While Mubarak was in power, he used Egypt's political and military weight in the region to resist any change to the country's dominance of the Nile's waters that dates to the British colonial era.
But the Supreme Council of the Armed Forces, which forms the interim government since Mubarak was forced out by a popular pro-democracy uprising Feb.11, is displaying signs of being more cooperative in this long-running dispute.
This probably has a lot to do with the plethora of pressing problems Egypt faces as its moves through the uncertain transition toward political and economic reforms.
Apart from anything else, the independence of South Sudan July 9, splitting Sudan, Egypt's ally in the Nile dispute, in two, undercut Cairo's intransigence.
South Sudan, which has voting rights as the 10th riparian state in the Nile Basin, says it too wants to build hydroelectric dams on a tributary of the White Nile to give the impoverished, infant state an economic boost.
As early as September, SCAF agreed to set up a joint technical team with Ethiopia, the most vociferous of the upstream states demanding a more equitable share of the Nile's water, to review the impact of a $4.8 billion Grand Renaissance hydroelectric dam Addis Ababa declared it planned to build.
Experts from Sudan, another Nile state and Egypt's neighbor, will also take part in the team's operation.
Prime Minister Meles Zenawi, Ethiopia's strongman and Mubarak's fiercest opponent on the Nile issue, moved swiftly after the Egyptian dictator was toppled.
In May, Zenawi agreed to delay ratification of a 2010 agreement signed by six of the nine upstream states that stripped Cairo of the right under a 1929 British-orchestrated treaty to 75 percent of the Nile's flow, until a new Egyptian government was elected.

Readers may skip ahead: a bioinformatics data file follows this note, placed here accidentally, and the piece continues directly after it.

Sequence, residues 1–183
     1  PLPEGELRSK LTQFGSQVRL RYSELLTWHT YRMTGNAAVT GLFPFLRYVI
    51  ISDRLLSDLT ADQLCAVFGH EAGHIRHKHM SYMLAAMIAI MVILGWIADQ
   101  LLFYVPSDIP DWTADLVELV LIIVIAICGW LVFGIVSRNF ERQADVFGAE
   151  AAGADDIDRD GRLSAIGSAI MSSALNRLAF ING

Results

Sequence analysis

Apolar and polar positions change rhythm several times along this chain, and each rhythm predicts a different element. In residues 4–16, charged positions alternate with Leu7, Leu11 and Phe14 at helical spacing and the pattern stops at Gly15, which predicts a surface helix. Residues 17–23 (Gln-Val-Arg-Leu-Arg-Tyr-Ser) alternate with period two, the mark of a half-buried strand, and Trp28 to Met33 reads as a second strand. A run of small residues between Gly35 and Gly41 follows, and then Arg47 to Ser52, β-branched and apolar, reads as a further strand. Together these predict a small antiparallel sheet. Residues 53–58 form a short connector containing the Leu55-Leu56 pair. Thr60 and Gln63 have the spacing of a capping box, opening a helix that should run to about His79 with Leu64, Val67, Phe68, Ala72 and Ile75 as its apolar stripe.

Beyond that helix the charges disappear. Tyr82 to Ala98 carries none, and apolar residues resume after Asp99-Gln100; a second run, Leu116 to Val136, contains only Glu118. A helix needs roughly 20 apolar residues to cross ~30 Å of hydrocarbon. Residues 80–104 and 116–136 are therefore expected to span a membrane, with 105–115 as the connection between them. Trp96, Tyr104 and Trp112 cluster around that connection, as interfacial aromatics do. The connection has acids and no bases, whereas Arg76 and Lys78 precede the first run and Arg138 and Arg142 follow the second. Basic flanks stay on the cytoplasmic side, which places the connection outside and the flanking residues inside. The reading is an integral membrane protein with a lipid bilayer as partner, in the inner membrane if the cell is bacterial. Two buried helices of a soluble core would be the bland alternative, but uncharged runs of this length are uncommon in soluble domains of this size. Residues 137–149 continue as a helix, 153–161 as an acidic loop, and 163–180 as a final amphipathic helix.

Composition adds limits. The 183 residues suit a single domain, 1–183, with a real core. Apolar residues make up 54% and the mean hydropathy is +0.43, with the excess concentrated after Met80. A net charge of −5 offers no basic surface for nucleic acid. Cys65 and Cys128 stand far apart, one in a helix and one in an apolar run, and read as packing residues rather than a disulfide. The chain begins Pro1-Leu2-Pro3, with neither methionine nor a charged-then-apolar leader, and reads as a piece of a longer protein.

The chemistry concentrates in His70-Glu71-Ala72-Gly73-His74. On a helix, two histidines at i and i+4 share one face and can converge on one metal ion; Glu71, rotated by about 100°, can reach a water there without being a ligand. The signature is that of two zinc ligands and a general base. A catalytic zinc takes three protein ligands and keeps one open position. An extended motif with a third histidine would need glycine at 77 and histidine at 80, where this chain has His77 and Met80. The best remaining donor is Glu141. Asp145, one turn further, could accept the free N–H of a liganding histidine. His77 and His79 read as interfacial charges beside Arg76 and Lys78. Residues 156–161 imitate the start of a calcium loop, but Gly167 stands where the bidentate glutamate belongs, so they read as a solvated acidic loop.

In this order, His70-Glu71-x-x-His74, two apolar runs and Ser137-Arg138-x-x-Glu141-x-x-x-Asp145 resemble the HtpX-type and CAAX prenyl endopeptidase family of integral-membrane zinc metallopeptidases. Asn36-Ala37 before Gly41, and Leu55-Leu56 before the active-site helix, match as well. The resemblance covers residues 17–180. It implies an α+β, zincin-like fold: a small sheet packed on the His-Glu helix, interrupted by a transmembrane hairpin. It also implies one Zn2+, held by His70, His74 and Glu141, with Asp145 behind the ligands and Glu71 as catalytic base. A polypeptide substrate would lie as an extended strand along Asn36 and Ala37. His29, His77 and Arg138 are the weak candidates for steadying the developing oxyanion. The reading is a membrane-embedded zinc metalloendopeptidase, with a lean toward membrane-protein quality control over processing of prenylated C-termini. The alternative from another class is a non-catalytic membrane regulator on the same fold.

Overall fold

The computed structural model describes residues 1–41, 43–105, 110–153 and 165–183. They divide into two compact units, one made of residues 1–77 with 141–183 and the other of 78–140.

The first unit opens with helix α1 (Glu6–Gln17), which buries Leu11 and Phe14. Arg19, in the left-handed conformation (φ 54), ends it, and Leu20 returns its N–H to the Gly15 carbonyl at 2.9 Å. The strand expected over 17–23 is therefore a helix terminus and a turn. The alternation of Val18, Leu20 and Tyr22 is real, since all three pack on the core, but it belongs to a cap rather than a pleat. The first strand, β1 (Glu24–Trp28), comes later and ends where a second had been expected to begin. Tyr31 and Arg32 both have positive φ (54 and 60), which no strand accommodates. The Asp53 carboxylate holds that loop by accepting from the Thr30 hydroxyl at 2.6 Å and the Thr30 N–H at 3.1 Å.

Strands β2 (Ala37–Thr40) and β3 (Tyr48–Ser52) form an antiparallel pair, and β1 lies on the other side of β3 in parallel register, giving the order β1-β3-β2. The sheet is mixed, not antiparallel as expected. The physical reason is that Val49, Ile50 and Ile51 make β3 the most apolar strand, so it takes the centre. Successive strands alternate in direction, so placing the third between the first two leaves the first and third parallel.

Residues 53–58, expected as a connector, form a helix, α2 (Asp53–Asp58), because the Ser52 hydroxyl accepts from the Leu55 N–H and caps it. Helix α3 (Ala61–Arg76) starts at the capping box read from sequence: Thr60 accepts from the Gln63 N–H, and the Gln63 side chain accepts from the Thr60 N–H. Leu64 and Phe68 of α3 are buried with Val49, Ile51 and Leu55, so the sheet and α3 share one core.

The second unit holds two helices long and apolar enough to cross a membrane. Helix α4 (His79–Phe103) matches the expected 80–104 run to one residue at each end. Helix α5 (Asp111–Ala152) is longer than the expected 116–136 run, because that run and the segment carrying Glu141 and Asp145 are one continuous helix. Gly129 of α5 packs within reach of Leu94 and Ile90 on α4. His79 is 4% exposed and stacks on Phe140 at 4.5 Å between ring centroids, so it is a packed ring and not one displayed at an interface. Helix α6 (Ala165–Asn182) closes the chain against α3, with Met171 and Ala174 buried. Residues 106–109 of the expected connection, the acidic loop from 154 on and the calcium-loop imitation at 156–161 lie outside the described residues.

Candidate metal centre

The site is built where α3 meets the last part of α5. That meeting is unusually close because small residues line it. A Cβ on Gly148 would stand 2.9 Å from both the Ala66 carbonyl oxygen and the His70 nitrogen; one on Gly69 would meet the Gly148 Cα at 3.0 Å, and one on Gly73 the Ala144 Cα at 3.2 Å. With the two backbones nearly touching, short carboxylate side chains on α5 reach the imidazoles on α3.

Egypt insisted on maintaining the 55.5 billion cubic meters it takes annually from the Nile, at 4,163 miles the world's longest river.
That's more than half the total annual flow of 84 billion cubic meters. Egyptian authorities say the country will need 86.2 billion cubic meters by 2017, a volume it cannot meet given its current resources.
The Nile, which rises in Lake Victoria in East Africa, is literally Egypt's lifeline. Most of its 81 million people live along its banks. Without the Nile, the ancient civilization that built the pyramids would never have emerged.
Zenawi infuriated Mubarak by building five big dams on the Nile over the last decade, defying Cairo's right under the 1929 treaty to have a veto over all upstream dam projects.
Apart from the Grand Renaissance Dam, which will be the largest in Africa, Ethiopia says it plans to build two other dams on the Nile as part of a program to boost its electricity production to 20,000 megawatts over the next decade.
President Yoweri Museveni of Uganda, another of the key upstream states lined up against Cairo, also wants to build a series of dams to boost his country's generating power from 300 MW to 3,800 MW over the next five years.
"We also have plans to generate 17,000 MW by 2025," Museveni said.
In September, Zenawi met Egypt's caretaker Prime Minister Essam Sharaf in Cairo in a further effort to reduce tension and negotiate a new agreement.
"We can make the issue of the Grand Renaissance Dam something useful," Sharaf said, indicating that progress was now possible.
"This dam, in conjunction with the other dams, can be a path for development and construction between Ethiopia, Sudan and Egypt."
There are other issues involved in the Nile dispute. But the most threatening is the scramble by non-African states such as Saudi Arabia, China, India and South Korea to buy or long-lease vast tracts of arable land in Africa to produce wheat, rice and corn for export to those countries.
These land grabs cut the food supply in famine-prone African countries and the export of grain to nations unable to grow enough for themselves -- like Egypt.
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